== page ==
While in England recently, I found myself in a bookstore with my Swedish companion nearby. She pointed out a book, titled The Hundred-Year-Old Man Who Climbed Out Of The Window And Disappeared, by Jonas Jonasson, telling me that she read it in Swedish a couple of years earlier and thought it was brilliant, and that I should read it now it had finally been translated into English. Trusting her sense of judgement (of both literature and me), I bought this book, and began reading it that evening.
It turns out this was the best-selling book in Sweden in 2010, and I can really see why. It tells the story of a very able and intelligent man, Allan Karlsson, who, on his 100th birthday, decides he doesn’t want to stay in his retirement home to celebrate with various locals, and so he quite literally escapes out the window and runs off. The spontaneity doesn’t quite stop there though, as only a couple of chapters later, he steals a suitcase which happens not to be filled with clothes but with money. It also turns out that he has stolen it from a member of a crime gang, and suddenly he has them and the police chasing after him as he inadvertently leaves a trail of destruction behind him.
At first the story seems too spontaneous, as if it were just trying to be funny for the sake of being funny. But the current storyline is interspersed with tales from his past, in which we not only learn about Allan’s character, but also about his involvement in many of history’s greatest events, including World War II and the making of the atom bomb, to Mao Tse-tung and the making of communist China, even to the fall of the Soviet Union. It soon becomes apparent that this story is clearly inspired by the tall tales that we all remember our Grandpas telling us when we are little children, only taking them to whole new extremes in the case of Allan Karlsson.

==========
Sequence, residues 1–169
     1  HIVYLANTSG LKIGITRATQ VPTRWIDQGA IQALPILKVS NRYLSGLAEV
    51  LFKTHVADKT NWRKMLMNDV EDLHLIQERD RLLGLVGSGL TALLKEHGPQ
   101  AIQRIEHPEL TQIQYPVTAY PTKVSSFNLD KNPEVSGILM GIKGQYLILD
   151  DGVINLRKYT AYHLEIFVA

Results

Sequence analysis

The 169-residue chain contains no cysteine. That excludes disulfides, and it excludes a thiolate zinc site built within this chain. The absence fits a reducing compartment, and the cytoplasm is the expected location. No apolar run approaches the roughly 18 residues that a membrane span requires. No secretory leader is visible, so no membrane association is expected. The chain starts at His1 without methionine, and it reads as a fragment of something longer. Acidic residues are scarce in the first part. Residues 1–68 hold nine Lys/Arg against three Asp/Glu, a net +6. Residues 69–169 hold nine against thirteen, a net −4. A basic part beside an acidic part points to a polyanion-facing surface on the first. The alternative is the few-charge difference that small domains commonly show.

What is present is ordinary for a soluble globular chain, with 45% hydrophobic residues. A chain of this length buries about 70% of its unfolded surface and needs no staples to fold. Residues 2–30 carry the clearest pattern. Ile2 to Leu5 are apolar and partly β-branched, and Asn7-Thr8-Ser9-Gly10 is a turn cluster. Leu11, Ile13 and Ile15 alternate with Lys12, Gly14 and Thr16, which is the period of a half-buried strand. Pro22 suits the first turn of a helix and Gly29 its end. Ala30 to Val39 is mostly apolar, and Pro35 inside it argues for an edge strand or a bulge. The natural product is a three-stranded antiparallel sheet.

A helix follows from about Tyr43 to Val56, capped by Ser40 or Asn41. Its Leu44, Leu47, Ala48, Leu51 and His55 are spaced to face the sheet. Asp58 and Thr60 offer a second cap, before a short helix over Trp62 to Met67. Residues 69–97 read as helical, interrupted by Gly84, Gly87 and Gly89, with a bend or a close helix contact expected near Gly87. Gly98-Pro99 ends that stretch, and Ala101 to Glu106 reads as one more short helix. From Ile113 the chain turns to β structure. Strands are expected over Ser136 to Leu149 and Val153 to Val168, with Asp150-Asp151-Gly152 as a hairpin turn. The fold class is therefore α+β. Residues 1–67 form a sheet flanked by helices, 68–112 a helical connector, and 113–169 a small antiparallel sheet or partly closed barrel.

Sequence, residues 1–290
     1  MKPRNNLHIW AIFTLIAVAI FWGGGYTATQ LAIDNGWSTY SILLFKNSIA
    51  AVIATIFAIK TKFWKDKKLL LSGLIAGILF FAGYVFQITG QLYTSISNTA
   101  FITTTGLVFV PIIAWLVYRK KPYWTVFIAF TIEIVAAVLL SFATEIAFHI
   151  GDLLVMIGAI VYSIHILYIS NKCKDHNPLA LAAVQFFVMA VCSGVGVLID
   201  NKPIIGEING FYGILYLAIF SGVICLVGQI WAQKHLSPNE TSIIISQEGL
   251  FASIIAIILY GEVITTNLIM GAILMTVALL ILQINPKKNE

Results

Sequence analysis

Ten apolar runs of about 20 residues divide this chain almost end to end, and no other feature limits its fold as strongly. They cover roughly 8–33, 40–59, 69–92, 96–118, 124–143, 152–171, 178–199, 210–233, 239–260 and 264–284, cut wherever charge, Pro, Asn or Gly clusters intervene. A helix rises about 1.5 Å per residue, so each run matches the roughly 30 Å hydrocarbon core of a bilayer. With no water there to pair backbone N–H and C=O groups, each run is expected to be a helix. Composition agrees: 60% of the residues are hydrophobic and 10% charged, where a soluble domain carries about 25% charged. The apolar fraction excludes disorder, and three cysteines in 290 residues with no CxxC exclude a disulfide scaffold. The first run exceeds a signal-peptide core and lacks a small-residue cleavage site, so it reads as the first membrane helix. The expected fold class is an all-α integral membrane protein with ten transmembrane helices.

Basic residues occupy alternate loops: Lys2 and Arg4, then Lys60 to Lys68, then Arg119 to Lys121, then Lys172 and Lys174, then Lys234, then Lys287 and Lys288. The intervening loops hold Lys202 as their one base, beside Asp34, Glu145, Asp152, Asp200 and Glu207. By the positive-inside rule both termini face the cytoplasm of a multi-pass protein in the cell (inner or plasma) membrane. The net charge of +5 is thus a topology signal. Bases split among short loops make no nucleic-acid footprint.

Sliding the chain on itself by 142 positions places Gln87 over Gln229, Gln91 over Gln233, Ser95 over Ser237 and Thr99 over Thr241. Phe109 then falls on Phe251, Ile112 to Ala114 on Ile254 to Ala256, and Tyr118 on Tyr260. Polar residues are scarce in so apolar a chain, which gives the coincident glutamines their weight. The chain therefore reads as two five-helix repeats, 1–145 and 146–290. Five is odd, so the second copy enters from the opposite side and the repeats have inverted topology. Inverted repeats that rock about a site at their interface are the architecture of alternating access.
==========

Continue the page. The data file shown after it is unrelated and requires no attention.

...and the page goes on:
The book is very funny, and I found myself laughing out loud constantly and consistently throughout. But perhaps more importantly, it is also very well written and extremely well translated (though I’d be curious to know the thoughts of somebody who can and has read both translations (hint hint, you know who you are)), and I found myself drawn into Allan’s world, past and present, with ease. Writing comedy is very challenging, in that it is hard to balance good writing with funny writing (something I discovered recently with my latest NaNoWriMo efforts), but Jonasson makes it look easy.
If you’re looking for an intelligent, quirky and downright funny read, I absolutely recommend reading this novel. It is one of the best books I have read all year, and has been a nice reminder that comedy and good writing do not need to be mutually exclusive. It’s also shown me just how funny those Swedes can be! Here’s hoping Mr Jonasson writes some more novels of this calibre.
Have you read any books that you have found strike that balance between good writing and humour?